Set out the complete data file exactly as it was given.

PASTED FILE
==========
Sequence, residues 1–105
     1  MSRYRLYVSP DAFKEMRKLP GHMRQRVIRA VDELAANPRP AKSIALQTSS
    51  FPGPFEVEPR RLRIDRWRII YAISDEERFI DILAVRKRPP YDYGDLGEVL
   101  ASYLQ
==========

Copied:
Sequence, residues 1–105
     1  MSRYRLYVSP DAFKEMRKLP GHMRQRVIRA VDELAANPRP AKSIALQTSS
    51  FPGPFEVEPR RLRIDRWRII YAISDEERFI DILAVRKRPP YDYGDLGEVL
   101  ASYLQ